Life after brand management: Amy Anderson
In this careers feature, Liz Foster asks the question, with the number of corporate marketing roles shrinking as you climb the ladder, where do all the brand managers go?
Amy Anderson, client services manager, The Saltmine Design Group
When and where did you work in marketing?
I started out in trade marketing at British American Tobacco (BAT) in New Zealand and moved in to brand marketing from there. When I moved to London in 2004 I worked for BAT again, in both sales and marketing roles, before joining their Global Duty Free business based out of Switzerland.
Highest marketing level reached?
Brand manager/European account manager
What do you do now?
I’m a client services manager at The Saltmine. Our USP is that all client services managers have been brand managers ourselves, so we understand our clients’ challenges and how we can help them achieve their marketing objectives in a smarter way.
Did you choose your path or did it choose you?
I hadn’t thought about that before, but I guess it chose me. When I moved to Sydney in October 2008 I wanted a change of role and industry at the same time (it seemed like a big ask considering the global financial crisis was starting to take effect). The first recruiter I met with knew Sara, client services director and owner of The Saltmine,(LINK) and suggested I meet with her as he thought we’d get on well. We must have because here I am today! Before that I would have never have seen myself going ‘agency side’.
What’s the most important skill that you’ve taken from your marketing days?
Definitely project management. The ability to manage many projects for one brand was one thing but the challenge of managing many projects for many brands is another. Good time management, prioritisation and working to multiple project timelines is essential.
If you had your time again, would you climb the corporate marketing ladder?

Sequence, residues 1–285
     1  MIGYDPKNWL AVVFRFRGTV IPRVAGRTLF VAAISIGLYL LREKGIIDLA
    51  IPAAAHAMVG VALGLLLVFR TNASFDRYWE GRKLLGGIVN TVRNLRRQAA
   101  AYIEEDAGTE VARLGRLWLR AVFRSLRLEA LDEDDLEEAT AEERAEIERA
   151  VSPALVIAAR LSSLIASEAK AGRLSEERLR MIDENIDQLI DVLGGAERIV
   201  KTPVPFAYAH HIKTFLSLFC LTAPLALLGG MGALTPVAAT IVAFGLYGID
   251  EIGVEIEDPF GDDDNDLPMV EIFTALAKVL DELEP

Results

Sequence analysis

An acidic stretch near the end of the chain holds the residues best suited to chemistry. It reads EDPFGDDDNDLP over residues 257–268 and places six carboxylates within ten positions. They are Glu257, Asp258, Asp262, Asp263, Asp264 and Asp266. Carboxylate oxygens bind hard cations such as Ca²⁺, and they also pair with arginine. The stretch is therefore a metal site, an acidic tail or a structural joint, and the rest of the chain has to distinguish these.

Working for a large global FMCG company, I was fortunate to move countries and in and out of brand and trade marketing roles several times over 7 years. I gained great experience across multiple brands and markets during this time and travelling all around Europe as part of the job was a bonus too. I wouldn’t change a thing, I definitely I wouldn’t have given this up to move vertically up the corporate ladder.
I thought I’d miss working for a big corporate but I really enjoy the relaxed environment of working for a smaller company and the chance to work with some great marketers across some of Australia’s most loved brands.
What were the best and worst parts of your role as BM?
The best part was seeing months/years of planning launching in market. Seeing a project in market always made the hard work along the way seem worthwhile.
The worst, the company politics that prevented great ideas coming into fruition. I guess that’s part of big corporate business.
What career tips would you offer an aspirant or current BM?
Develop good cross-functional relationships. Taking time to understand what other people in the business do always comes back to help you at some stage.
Now that youve left the world of brand management, are you satisfied with your current role? If not, what are your future career aspirations?
The part I love most about my current role is seeing the clients’ brief come to life in our studio. I get excited every day when I see brands being refreshed or created in front of my eyes.
I can’t imagine why I’d ever want to go back to working on one brand when I could be working on all the best bits of many brands.